United States District Court, N.D. Illinois
June 10, 2004.
The opinion of the court was delivered by: PHILIP REINHARD, District Judge
MEMORANDUM OPINION AND ORDER
Plaintiff, Janet Conover, individually and as mother and next
friend of Troy Heinemann, filed a two-count complaint based on
diversity jurisdiction and alleging that defendant, Walter
Erhard, was negligent when, while driving a vehicle on a roadway
in Richmond, Illinois, he struck Heinemann who was crossing the
roadway on foot. Defendant moved for summary judgment, contending
that as a matter of Illinois law he cannot be found liable for
Summary judgment should only be granted when the pleadings,
depositions, answers to interrogatories, and admissions on file,
together with the affidavits, if any, show that there is no
genuine issue as to any material fact and that the moving party
is entitled to judgment as a matter of law. Lucas v. Chicago
Transit Authority, 367 F.3d 714, 720 (7th Cir. 2004). In
ruling on such a motion, the court must construe all facts in a
light most favorable to the non-moving party as well as view all
reasonable inferences in that party's favor. Anderson v. Liberty
Lobby, Inc., 477 U.S. 242, 255 (1986). In this case, the parties
correctly agree that Illinois substantive law applies.
Defendant's motion for summary judgment is premised upon two
alternative contentions: (1) that defendant is precluded from
liability because under the circumstances no trier of fact could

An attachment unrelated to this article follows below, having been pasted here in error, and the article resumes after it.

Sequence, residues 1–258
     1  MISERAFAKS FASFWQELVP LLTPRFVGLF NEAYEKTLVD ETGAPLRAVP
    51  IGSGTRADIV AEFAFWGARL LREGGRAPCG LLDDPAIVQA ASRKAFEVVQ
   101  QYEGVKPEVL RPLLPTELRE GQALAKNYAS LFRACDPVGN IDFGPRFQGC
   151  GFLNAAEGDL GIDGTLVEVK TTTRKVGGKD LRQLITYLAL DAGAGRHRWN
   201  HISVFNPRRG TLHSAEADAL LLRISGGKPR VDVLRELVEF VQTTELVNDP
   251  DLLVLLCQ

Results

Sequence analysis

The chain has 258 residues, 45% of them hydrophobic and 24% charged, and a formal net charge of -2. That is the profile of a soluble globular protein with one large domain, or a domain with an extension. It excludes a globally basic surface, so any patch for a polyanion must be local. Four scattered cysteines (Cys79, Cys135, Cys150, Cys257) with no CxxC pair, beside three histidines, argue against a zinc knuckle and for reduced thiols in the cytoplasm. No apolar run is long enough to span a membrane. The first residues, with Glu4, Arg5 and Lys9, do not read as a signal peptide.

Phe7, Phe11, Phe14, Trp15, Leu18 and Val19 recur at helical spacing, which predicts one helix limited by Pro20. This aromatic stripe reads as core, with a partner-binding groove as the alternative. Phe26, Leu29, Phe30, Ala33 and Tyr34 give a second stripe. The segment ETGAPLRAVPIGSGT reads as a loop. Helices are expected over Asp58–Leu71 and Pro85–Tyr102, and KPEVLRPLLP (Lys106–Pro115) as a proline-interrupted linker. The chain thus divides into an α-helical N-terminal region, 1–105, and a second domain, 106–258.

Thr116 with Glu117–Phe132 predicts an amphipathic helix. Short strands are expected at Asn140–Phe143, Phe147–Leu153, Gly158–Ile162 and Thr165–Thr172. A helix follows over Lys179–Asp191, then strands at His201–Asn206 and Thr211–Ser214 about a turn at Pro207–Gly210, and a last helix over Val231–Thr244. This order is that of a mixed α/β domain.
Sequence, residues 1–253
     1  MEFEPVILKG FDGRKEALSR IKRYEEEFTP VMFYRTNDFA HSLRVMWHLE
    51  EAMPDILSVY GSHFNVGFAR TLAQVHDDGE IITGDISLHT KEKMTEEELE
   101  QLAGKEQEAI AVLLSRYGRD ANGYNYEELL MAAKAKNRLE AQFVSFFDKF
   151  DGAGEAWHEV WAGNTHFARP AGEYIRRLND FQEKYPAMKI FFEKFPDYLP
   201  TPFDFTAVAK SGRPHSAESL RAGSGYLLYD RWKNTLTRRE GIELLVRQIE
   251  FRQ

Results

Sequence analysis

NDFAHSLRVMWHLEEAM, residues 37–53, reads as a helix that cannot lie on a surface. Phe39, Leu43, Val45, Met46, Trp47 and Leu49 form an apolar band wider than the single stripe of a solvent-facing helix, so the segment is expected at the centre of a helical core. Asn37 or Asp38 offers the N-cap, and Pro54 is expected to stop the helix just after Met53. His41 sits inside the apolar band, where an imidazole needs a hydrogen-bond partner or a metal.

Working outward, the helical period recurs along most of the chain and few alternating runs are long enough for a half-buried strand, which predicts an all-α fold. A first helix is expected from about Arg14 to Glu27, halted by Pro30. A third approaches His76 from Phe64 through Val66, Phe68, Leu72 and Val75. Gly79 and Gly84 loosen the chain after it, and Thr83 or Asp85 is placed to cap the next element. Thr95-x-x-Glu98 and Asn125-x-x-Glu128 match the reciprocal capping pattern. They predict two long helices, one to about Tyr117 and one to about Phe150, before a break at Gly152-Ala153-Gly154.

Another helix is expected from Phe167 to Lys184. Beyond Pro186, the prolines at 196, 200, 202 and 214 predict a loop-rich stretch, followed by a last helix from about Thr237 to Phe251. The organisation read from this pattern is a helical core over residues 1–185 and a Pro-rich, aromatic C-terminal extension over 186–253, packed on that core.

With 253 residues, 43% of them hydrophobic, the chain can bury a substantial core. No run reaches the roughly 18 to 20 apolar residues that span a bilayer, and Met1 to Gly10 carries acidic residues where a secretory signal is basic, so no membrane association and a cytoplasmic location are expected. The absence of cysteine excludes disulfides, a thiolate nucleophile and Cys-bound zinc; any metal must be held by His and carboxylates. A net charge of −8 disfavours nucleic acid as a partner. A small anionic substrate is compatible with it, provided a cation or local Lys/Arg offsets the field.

find him negligent because the accident was unavoidable on his
part: and (2) that his conduct could not be found to be the
proximate cause of the accident.
While the evidence developed in this case so far paints a very
weak picture of liability on the part of defendant, it cannot be
said that no reasonable jury could find defendant negligent in
striking Heinemann with his vehicle. Nor can it be concluded as a
matter of law that defendant's conduct was not the proximate
cause of Heinemann's injuries. See Gatlin v. Ruder,
137 Ill.2d 284, 293 (1990) (issue of proximate cause ordinarily one for the
trier of fact).
The line of cases relied on by defendant involving pedestrians
struck by motor vehicles are of no avail at this stage of the
proceedings as they did not involve a motion for summary
judgment, although they further demonstrate the weakness of
plaintiff's case. Similarly, those cases disposed of by summary
judgment on the issue of proximate cause are distinguishable from
this case as they deal with situations where a vehicle suddenly
and unexpectedly veered into the path of an oncoming vehicle and
it was determined as a matter of law that the oncoming vehicle
did not contribute to the accident by failing to avoid it. In the
case of a pedestrian who is struck by a vehicle after running
into the roadway, as in this case, the issue of proximate cause
simply cannot be foreclosed at the summary judgment stage as
there remain issues of material fact as to whether the vehicle's
driver could reasonably have avoided the accident.
Because there remain questions of material fact and defendant
has not shown he is entitled to judgment as a matter of law,
defendant's motion for summary judgment is denied. The parties
are instructed to explore the possibility of settlement with the
magistrate judge at the status conference on June 30, 2004.
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